If you are a geography educator or GIS professional, you might say that “spatial thinking” is a way of reasoning about the world, facilitated by maps. However, if you are a science educator whose students need to make sense of 3-D molecular models or of cross-sections of a plant, “spatial thinking” is likely to mean something quite different. So too for cognitive psychologists who employ experimental methods to understand how people learn.
A recent Specialist Meeting on “Spatial Thinking across the College Curriculum” highlighted these different perspectives. The meeting’s purpose was to “identify the current state of our understanding of spatial thinking, identify gaps in our knowledge, and identify priorities for both research and practice in educating spatial thinkers at the college level.” Forty-three thought leaders were invited to participate, including those from Geography and GIScience, cognitive and developmental psychology, research librarians, and science education, history, landscape architecture, philosophy, and political science. Continue reading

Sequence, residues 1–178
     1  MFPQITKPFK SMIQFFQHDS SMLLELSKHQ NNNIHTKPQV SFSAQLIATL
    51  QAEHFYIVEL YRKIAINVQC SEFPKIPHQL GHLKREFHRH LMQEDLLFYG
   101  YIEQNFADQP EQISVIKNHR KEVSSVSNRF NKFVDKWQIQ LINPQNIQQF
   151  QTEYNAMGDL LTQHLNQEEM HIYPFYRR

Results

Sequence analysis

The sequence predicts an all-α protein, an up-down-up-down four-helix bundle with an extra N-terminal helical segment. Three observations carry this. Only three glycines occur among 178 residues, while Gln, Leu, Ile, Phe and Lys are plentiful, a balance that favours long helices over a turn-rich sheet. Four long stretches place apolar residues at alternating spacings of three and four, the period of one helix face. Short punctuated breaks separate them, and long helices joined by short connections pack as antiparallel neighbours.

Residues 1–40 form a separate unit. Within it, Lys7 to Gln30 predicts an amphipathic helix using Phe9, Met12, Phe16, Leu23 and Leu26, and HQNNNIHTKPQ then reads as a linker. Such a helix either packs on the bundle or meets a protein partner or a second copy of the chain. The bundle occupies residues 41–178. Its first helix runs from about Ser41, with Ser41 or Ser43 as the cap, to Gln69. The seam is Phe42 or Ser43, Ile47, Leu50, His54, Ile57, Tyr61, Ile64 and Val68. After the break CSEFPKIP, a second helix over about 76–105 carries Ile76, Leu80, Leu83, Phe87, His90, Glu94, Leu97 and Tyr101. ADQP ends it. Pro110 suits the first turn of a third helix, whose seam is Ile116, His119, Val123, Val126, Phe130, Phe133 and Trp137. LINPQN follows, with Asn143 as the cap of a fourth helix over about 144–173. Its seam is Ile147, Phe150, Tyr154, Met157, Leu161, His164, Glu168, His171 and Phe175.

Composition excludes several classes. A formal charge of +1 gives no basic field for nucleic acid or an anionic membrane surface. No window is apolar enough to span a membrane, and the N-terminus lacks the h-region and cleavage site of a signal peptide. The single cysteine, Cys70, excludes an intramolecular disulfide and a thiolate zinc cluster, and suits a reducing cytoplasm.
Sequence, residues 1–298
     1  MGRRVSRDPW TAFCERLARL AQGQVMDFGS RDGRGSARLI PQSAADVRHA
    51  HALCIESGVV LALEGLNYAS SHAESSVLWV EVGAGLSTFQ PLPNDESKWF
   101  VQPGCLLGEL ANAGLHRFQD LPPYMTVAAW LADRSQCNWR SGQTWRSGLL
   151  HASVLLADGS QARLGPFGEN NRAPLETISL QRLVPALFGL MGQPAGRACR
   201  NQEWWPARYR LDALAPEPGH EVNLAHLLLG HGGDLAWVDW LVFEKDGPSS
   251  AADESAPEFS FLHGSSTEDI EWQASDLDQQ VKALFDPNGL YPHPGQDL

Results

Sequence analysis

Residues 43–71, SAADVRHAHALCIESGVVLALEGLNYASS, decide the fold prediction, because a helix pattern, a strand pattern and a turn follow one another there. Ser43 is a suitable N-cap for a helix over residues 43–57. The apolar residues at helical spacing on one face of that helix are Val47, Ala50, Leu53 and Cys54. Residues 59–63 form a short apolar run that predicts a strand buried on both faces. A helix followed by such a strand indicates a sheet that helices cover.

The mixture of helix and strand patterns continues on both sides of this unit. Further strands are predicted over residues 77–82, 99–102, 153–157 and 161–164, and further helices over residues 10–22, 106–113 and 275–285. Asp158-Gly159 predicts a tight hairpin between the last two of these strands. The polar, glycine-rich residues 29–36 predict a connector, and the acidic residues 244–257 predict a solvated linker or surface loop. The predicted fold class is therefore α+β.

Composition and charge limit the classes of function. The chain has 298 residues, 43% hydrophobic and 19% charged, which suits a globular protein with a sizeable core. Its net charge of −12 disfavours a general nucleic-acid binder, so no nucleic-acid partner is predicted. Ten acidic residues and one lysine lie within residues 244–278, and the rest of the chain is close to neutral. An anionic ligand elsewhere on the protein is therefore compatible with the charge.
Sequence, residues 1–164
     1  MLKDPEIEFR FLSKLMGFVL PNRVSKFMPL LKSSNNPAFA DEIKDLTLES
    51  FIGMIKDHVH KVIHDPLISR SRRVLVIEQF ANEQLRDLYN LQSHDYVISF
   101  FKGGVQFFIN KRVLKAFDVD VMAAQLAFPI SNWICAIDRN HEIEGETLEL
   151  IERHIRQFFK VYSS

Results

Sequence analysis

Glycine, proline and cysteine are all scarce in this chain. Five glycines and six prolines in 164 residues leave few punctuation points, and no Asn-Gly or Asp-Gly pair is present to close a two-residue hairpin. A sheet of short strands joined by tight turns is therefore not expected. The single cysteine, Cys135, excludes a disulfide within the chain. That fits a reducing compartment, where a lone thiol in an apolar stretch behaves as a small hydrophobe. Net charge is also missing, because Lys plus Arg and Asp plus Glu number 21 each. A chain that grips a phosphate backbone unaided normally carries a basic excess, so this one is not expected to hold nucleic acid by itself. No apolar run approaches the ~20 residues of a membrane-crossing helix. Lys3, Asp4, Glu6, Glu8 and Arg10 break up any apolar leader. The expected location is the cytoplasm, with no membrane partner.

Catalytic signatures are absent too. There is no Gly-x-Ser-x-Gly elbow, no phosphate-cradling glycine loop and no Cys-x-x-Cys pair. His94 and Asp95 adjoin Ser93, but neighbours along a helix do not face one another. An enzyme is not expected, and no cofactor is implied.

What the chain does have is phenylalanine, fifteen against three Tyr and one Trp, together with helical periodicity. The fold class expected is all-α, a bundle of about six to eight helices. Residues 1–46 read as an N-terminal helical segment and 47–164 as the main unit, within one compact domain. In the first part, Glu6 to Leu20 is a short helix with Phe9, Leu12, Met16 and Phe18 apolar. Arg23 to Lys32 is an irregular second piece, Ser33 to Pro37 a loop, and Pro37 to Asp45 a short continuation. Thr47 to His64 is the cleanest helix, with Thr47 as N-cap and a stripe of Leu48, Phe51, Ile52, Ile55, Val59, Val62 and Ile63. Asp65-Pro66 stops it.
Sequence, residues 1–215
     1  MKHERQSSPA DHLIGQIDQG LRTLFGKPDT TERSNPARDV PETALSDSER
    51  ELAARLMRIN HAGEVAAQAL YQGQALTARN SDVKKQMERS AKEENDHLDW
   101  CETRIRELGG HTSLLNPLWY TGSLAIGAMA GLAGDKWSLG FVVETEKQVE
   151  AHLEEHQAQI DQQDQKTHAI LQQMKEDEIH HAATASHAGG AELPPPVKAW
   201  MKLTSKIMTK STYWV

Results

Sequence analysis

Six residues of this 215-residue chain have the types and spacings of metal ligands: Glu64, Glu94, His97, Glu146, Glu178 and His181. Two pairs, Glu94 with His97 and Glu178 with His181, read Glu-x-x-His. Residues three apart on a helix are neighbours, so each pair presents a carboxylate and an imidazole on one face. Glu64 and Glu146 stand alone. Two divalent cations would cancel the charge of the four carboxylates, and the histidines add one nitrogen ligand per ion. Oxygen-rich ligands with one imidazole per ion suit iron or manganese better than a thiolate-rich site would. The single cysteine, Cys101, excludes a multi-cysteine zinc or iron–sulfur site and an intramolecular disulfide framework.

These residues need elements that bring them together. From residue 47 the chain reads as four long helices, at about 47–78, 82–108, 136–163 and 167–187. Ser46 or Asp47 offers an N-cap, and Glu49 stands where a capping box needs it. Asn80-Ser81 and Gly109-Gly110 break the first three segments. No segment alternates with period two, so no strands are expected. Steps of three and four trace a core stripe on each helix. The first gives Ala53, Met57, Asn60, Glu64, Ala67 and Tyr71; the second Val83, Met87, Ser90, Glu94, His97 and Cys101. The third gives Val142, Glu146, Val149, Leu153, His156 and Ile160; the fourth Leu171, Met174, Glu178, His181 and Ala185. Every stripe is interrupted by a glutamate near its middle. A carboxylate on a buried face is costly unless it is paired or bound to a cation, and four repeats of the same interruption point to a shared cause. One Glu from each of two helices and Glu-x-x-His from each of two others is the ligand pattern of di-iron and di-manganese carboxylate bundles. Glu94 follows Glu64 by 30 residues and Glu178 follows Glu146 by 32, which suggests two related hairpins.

In 2012, the US population was 313 million. Growing diversity continues to produce striking changes in the population. To provide an accurate way to track these changes, Esri created a proprietary Diversity Index that measures diversity on a scale from 0 to 100. The Diversity Index is defined as the likelihood that two persons, selected at random from the same area, would belong to a different race or ethnic group. For example, if an area’s entire population belongs to the same race or ethnic group, the Index is zero and the area has no diversity. Conversely, if the population can be evenly divided among two or more race or ethnic groups, the area’s Diversity Index increases to 100. The Diversity Index measures only the degree of diversity in an area, not its racial composition. Esri’s Diversity Index for the US has risen from 60.6 in 2010 to 61.4 in 2012, with a forecast to increase to 63.8 within five years. Continue reading